How to Convert Carbon Monoxide to Oxygen

••• Jupiterimages/ Images

The combustion products of hydrocarbons, particularly fossil fuels, are carbon monoxide, carbon dioxide and water. Green plans convert the carbon dioxide in the atmosphere back into oxygen using chlorophyll in their leaves. This cycle keeps the oxygen level in air at a constant and acceptable level. Carbon monoxide, however, doesn’t have an elimination pathway. Manufacturers equip modern gasoline automobiles with catalytic converters that solve the CO emission problem. The exhaust of the engine passes through the catalytic converter that converts CO to CO2. Using both of these techniques, you can convert CO to O2.

    Assemble a gas delivery system that directs the carbon monoxide through a hot catalytic converter and into a greenhouse filled with high foliage plant life. A catalytic converter contains small diameter ceramic beads with a thin coating of platinum and palladium. It operates at better efficiency when the converter is hot.

    Seal each joint in the flow path from the source to the greenhouse using a welder. When the carbon monoxide source starts, the flow path to the greenhouse will maintain a positive pressure.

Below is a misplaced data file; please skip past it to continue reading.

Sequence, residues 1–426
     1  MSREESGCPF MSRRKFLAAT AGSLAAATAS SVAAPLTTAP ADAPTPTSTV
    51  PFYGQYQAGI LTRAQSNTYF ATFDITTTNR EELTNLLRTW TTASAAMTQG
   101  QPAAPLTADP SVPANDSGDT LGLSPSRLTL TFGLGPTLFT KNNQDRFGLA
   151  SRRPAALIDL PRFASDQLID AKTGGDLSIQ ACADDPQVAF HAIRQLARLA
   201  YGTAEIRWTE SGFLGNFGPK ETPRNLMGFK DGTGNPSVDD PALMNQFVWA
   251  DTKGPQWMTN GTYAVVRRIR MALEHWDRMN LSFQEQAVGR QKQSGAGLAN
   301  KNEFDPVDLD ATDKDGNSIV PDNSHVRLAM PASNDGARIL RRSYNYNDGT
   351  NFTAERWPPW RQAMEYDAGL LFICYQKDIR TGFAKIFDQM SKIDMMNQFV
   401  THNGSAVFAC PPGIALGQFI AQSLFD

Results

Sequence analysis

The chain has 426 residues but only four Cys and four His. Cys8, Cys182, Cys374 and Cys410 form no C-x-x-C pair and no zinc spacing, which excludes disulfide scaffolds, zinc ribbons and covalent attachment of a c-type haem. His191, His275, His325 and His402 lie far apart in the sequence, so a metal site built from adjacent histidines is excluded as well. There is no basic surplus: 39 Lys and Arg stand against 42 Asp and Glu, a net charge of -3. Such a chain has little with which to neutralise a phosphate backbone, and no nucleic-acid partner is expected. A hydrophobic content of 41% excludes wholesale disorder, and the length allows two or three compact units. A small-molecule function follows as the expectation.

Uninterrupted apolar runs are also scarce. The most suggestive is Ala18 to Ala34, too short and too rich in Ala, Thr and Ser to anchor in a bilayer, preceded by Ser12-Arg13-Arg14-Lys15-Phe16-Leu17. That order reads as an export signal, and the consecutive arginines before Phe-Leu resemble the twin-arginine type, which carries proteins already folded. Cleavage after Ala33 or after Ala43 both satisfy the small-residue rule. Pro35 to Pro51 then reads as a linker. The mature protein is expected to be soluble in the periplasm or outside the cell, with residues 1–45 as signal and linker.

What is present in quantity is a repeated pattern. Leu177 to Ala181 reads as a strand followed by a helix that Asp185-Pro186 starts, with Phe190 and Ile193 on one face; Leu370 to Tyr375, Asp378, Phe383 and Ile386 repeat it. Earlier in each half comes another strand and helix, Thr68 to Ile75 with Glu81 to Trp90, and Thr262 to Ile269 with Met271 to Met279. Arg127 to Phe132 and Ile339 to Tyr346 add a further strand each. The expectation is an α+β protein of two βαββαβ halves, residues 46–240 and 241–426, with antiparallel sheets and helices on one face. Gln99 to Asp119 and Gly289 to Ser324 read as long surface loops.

Direct the flow of carbon monoxide into the catalytic converter. As the carbon monoxide flows through the converter, the platinum and palladium catalyze the reaction to generate carbon dioxide. This is the first stage of the conversion of carbon monoxide to oxygen.

    Open the gas inlet into the greenhouse allowing it to fill with CO2. The plant energy cycle uses chlorophyll in the leaves to take in carbon dioxide and excrete oxygen as a waste product of its energy cycle. As the air in the greenhouse replenishes with carbon dioxide from the converter, it grows richer in oxygen from the plants.

    Water and provide lots of sunlight to the plants. As they continue their life cycle they will consume CO2 and release O2.

    Things You'll Need

    • Exhaust pipe
    • Exhaust catalytic converter
    • Welder
    • Greenhouse
    • High foliage plants


About the Author

Sean Lancaster has been a freelance writer since 2007. He has written for Writers Research Group, Alexis Writing and the Lebanon Chamber of Commerce. Lancaster holds a Doctor of Philosophy in chemistry from the University of Washington.

Photo Credits

  • Jupiterimages/ Images